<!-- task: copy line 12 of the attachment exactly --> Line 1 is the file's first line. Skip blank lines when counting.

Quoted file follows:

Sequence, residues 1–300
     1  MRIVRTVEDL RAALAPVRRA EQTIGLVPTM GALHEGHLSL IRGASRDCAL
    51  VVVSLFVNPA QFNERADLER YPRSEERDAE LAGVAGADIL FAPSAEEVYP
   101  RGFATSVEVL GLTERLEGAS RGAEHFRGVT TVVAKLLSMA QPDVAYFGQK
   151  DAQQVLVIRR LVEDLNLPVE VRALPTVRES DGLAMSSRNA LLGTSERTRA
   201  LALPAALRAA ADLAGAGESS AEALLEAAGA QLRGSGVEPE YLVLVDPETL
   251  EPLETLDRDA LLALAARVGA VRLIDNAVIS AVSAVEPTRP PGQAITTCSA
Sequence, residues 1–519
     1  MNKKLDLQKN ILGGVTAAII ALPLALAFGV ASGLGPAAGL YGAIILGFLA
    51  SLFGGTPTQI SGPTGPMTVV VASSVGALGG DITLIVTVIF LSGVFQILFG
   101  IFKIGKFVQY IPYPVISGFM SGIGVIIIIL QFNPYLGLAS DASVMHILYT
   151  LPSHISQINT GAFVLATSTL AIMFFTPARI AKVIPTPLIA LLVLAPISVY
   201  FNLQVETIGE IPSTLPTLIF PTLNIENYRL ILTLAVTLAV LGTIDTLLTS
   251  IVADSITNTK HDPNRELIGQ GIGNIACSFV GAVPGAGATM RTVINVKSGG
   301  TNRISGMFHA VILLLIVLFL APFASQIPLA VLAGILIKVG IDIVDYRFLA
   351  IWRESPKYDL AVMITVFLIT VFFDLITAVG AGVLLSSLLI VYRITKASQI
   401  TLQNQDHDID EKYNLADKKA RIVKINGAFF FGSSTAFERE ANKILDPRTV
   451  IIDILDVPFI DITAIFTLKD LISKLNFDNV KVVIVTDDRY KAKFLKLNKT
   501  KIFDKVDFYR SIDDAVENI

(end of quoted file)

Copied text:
   151  LPSHISQINT GAFVLATSTL AIMFFTPARI AKVIPTPLIA LLVLAPISVY